Seppuku is when a samurai committs ritual suicide after dishonoring himself via disemboweling himself with his katana while kneeling and is decapitated by a fellow samurai's katana. Until the Meiji Restoration in the late 1800s seppukku was reserved only for samurai.
Seppuku was a key part of Bushidō, the way of the warrior, in that it either prevented the capture of a samurai or restored his honor. Seppuku was also used as an alternative to normal execution. Those who did not belong to the samurai caste were not expected to commit seppuku. This was because seppuku's purpose was to restore one's honor as a warrior. Samurai needed a superior warrior's permission to commit seppuku.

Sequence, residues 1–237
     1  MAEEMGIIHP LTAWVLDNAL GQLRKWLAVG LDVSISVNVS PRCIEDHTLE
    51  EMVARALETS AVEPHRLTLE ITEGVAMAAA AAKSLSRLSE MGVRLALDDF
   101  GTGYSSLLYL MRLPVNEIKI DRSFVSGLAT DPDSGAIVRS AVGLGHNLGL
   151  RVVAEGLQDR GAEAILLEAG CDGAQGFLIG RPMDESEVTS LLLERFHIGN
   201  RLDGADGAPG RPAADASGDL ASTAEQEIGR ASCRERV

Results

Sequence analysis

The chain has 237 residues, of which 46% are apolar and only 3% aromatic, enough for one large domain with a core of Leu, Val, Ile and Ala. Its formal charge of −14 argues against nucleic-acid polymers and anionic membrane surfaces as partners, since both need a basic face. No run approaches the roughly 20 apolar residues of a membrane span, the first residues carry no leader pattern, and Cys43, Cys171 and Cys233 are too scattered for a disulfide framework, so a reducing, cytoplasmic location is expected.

Sometimes a daimyō was called upon to perform seppuku as a means for peace.
In time, committing seppuku came to involve a detailed ritual. This was usually performed in front of spectators if it was a planned seppuku, not one performed on a battlefield. A samurai was bathed, dressed in white robes, and fed his favorite meal. When he was finished, his instrument was placed on his plate. Dressed ceremonially, with his sword placed in front of him and sometimes seated on special cloths, the warrior would prepare for death by writing a death poem.